I skipped April’s post on mindfulness, for reasons I may come back to at a later date, so I was excited to see May’s edition of #MyMindfulYear when it landed in my inbox. This month’s theme is a topic I just love to wax lyrical about. Friendship.
When I was younger, I remember being bullied at primary school. Not major beaten-until-black-and-blue bullied, but small things that girls did to each other to knock any small amount of self-confidence we had managed to develop.
As I progressed to secondary school, the bullying stopped and I had a fairly easy school life. I was friends with lots of different groups, often switching where I sat at lunch or who I sat by in class. At the time I thought it was great that I had such variety in my friendship groups, but looking back it seems like I just didn’t know where I fit in.
In Sas Pethrick’s May email (Sas is the founder of #MyMindfulYear – full details on my January post), she looks back over her own friendships and says: “I was so determined to avoid being disliked, I spent decades twisting myself into a version of me that was ‘likable’. Being an approval whore is freakin’ exhausting!”
I hear ya, sister.
Wanting to be liked and trying to fit in was the theme of twenties. Group activities made me anxious and, where possible, I liked to hang out with my friends in intimate groups of two. It meant I didn’t have a big group of friends; instead I had lots of solo friendships. Close, intimate friendships. I feared mixing my friends in one big group because they were all so different to one another, but it was fine because they each matched a certain part of me at a time when I was still trying to work out who I was.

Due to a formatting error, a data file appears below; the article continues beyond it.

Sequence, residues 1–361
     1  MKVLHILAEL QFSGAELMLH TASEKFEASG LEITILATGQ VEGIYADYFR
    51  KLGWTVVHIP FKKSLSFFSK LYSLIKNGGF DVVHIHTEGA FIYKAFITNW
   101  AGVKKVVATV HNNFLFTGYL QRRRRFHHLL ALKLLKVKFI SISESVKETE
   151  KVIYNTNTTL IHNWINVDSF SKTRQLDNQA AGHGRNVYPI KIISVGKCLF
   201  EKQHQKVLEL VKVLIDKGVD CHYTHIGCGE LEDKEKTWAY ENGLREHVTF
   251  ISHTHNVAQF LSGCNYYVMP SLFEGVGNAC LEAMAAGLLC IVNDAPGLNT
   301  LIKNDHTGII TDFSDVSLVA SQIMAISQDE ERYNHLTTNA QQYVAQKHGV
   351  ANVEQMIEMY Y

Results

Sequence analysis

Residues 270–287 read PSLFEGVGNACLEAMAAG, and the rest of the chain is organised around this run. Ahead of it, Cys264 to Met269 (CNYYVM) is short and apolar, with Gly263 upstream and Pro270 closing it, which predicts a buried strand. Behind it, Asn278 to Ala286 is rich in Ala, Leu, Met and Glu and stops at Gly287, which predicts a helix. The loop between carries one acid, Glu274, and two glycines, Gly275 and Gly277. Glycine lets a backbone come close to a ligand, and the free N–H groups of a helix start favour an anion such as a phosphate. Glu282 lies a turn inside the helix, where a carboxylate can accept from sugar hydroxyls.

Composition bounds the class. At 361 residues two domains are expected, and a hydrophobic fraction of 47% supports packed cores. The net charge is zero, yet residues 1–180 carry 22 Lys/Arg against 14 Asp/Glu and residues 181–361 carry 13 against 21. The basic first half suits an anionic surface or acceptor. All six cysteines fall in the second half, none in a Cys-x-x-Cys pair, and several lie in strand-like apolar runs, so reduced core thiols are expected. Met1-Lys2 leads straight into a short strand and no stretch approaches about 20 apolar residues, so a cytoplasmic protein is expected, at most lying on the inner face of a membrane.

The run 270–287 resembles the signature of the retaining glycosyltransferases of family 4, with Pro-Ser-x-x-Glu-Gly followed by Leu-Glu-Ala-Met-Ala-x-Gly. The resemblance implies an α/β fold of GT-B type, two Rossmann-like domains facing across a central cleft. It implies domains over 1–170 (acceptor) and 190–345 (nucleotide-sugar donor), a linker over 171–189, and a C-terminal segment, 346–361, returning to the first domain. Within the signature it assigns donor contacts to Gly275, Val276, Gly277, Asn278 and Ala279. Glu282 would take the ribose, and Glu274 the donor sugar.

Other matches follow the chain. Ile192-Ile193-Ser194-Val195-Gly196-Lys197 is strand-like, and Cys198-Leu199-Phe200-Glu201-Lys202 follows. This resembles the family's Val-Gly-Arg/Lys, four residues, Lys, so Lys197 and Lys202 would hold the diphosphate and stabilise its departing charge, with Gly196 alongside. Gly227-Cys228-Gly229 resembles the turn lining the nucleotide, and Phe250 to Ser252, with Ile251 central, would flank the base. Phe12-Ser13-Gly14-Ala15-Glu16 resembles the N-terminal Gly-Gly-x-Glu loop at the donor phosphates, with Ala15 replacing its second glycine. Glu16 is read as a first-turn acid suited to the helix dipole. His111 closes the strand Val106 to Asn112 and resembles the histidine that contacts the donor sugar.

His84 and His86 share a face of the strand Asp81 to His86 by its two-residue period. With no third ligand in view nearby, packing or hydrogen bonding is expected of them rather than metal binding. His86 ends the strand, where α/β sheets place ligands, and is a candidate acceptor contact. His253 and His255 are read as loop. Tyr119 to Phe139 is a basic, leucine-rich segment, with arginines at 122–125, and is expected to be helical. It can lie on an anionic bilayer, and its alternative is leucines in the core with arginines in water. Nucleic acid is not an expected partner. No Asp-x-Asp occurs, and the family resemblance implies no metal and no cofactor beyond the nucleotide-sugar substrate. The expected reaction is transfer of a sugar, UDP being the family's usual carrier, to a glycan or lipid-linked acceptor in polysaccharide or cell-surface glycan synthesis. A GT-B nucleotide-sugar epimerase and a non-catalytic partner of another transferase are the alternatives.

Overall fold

Now I’m in my thirties (and oh so wise, obviously) I’ve realised the importance of different friendships, the benefits of different dynamics, and the acceptance that we can’t be all things to all people. I’ve also understood the essential need to ignore the people who bring nothing but stress and sadness to your life. I have two big friendship groups and adore every single one of the fourteen or so people that make up each group. The group friendships have resulted in some wonderful New Year’s Eve parties, some amazing group holidays, some idyllic country house weekend retreats and some birthdays so fabulous I can barely remember them.
But alongside those big gatherings are the solo friendships I’ve kept alive since my twenties. They’re the girls who have stayed by my side during major breakups, chronic illness and huge life upheaval. And yet, after all these years, they still haven’t met each other. I have no excuse for it now. I am more comfortable in my own skin, I know what I value and what I can’t stand, and those solo friendships have stood the test of time because ultimately, we all value the same thing.
This year is all change. I am getting married and so have no choice but to put all my favourite people in a room together, and hope for the best. And the girls who make up my solo friendships are going to come together for the very first time to help me with all the bridal crap that I am not made for – hair, makeup, shoes, a hen do I tried to avoid, dress shopping I refused to do anywhere other than from the comfort of my own sofa, and traditions I’m trying to ignore. But the one tradition I do want to keep is getting ready in a flurry of excitement and nervousness with some of the girls in my life. I’ve been bridesmaid for three of them in the last two years and meeting their other bridesmaids has been a wonderful part of the occasion. If the girls you love have other girls they love, well, it only stands to reason that you’re going to make a few new friends.
My days of fighting for friendships are long gone. I live with my best friend and know that actually, this friendship is the most important of them all. Safe in that knowledge, I find it a lot easier to ignore people that bring me sadness and will quite happily let friendships fade away that just aren’t meant to be. But I work hard for the people that are important to me, and I take it personally – too personally – when they don’t do the same. That’s the next thing I need to improve; accepting that just because I haven’t heard from you in two weeks doesn’t mean you hate me. A key life lesson right there.